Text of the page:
The Philosophy of Physical Science


THE following process is recurrent in physical science. A certain amount of special knowledge, empirically accumulated and assorted, is tentatively cast into a comprehensive theoretical aspect. The theory, after having been gradually corrected by further experiments and after having created several new appropriate definitions, tends to acquire an unforeseen general validity. But, strangely enough, at the same time, when it has become an inalienable requisite for the orientation of all future experimental and theoretical research, the knowledge which its propositions are supposed to convey turns out to be more and more tautological.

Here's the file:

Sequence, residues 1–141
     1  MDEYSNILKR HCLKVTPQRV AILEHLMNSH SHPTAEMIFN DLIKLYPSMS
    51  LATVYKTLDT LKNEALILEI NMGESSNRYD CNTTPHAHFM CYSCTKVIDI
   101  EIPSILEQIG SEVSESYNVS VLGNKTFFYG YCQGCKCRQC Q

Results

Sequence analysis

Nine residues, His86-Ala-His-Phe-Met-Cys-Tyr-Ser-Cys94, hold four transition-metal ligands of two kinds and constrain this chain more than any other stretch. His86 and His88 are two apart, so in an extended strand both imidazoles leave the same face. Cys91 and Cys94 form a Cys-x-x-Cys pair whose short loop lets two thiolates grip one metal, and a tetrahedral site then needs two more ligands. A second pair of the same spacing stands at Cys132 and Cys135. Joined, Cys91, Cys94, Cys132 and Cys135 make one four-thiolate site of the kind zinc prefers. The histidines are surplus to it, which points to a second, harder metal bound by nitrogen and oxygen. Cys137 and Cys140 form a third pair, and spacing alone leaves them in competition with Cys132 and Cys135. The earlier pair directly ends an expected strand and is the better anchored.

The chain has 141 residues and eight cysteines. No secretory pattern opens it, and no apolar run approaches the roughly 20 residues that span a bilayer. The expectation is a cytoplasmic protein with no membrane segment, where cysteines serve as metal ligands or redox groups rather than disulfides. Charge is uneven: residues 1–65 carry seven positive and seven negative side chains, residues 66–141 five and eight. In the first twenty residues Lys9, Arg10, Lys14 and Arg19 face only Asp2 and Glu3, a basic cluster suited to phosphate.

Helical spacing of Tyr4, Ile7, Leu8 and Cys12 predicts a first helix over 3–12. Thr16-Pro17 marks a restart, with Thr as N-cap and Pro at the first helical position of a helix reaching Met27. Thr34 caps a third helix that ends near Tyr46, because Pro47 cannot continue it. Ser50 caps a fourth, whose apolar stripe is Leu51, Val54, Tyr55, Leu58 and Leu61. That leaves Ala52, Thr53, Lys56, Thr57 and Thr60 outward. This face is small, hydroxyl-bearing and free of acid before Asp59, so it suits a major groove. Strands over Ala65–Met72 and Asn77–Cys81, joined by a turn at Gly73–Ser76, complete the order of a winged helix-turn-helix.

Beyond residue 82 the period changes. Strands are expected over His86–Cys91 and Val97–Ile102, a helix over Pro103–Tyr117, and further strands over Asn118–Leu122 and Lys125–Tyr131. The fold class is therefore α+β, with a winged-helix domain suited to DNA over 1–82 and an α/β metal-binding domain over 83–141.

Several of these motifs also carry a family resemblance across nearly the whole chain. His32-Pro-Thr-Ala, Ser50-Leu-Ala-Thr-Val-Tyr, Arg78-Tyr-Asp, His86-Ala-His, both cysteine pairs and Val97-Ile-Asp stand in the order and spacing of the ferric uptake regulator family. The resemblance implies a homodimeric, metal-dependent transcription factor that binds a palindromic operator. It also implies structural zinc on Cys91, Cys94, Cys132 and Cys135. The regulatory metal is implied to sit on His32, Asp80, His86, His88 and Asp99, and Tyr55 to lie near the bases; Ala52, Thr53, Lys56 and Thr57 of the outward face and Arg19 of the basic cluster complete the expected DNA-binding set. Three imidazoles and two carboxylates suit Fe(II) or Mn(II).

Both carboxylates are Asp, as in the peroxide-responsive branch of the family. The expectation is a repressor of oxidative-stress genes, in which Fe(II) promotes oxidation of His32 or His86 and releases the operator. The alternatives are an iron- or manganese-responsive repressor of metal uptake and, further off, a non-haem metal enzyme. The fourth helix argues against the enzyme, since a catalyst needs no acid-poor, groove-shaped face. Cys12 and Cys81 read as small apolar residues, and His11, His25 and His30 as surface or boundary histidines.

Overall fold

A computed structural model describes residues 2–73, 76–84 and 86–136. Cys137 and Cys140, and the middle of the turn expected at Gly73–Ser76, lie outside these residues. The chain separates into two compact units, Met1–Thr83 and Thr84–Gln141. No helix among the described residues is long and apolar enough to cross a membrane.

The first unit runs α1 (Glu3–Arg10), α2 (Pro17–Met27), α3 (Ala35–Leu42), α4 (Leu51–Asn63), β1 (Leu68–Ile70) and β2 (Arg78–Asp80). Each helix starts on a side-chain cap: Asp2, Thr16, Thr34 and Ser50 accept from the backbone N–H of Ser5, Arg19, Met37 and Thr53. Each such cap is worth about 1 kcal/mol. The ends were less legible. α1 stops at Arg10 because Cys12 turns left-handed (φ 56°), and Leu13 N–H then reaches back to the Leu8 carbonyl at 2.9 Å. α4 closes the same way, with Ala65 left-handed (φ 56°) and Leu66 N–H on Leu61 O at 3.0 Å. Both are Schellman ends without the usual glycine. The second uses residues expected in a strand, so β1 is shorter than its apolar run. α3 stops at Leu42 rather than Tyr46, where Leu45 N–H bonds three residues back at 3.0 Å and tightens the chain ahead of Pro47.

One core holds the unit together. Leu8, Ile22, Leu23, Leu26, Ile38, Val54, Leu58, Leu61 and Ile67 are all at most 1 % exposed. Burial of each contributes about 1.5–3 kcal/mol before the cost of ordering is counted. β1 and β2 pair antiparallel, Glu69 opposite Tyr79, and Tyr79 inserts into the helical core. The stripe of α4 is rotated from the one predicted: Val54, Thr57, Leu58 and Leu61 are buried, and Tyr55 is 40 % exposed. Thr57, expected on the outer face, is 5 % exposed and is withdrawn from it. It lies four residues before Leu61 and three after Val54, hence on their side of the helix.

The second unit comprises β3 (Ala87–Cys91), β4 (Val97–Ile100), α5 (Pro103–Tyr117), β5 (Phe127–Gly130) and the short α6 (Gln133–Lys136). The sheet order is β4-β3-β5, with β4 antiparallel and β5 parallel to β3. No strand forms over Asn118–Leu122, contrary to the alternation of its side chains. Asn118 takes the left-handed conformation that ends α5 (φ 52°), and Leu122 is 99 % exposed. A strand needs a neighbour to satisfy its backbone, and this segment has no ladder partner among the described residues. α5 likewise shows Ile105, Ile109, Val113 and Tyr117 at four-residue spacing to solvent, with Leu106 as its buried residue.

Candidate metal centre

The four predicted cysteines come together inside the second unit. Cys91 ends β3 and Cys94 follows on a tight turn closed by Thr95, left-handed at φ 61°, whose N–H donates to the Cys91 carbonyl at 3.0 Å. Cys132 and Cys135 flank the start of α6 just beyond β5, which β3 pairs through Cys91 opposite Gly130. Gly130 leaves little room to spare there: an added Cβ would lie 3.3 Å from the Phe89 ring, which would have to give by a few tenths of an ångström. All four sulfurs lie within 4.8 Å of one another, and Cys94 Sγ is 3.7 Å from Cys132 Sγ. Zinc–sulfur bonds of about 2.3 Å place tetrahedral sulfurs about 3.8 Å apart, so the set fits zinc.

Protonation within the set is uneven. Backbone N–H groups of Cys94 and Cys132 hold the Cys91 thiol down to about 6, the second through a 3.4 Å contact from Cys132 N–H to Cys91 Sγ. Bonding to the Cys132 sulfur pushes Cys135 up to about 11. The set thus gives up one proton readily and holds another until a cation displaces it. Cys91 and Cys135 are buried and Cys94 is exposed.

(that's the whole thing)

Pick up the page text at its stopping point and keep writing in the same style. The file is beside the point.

The Philosophy of Physical Science

(Tarner Lectures, 1938.) By Sir Arthur Eddington. Pp. ix + 230. (Cambridge: At the University Press, 1939.) 8s. 6d. net.

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SCHRÖDINGER, E. The Philosophy of Physical Science. Nature 145, 402–403 (1940).

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